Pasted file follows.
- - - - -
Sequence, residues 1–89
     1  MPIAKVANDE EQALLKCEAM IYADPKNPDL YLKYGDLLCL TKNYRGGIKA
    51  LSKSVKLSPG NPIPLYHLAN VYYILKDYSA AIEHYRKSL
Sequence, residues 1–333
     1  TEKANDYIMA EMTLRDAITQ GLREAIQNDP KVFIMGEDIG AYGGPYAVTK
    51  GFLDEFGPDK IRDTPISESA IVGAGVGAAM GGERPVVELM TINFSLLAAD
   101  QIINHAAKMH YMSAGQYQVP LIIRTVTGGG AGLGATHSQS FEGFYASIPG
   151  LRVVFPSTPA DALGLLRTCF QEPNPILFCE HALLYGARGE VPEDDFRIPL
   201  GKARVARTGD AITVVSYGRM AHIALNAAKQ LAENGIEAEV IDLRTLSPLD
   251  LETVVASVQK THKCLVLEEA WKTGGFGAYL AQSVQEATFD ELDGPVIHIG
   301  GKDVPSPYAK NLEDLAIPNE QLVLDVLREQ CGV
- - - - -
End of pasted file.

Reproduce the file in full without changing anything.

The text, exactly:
Sequence, residues 1–89
     1  MPIAKVANDE EQALLKCEAM IYADPKNPDL YLKYGDLLCL TKNYRGGIKA
    51  LSKSVKLSPG NPIPLYHLAN VYYILKDYSA AIEHYRKSL
Sequence, residues 1–333
     1  TEKANDYIMA EMTLRDAITQ GLREAIQNDP KVFIMGEDIG AYGGPYAVTK
    51  GFLDEFGPDK IRDTPISESA IVGAGVGAAM GGERPVVELM TINFSLLAAD
   101  QIINHAAKMH YMSAGQYQVP LIIRTVTGGG AGLGATHSQS FEGFYASIPG
   151  LRVVFPSTPA DALGLLRTCF QEPNPILFCE HALLYGARGE VPEDDFRIPL
   201  GKARVARTGD AITVVSYGRM AHIALNAAKQ LAENGIEAEV IDLRTLSPLD
   251  LETVVASVQK THKCLVLEEA WKTGGFGAYL AQSVQEATFD ELDGPVIHIG
   301  GKDVPSPYAK NLEDLAIPNE QLVLDVLREQ CGV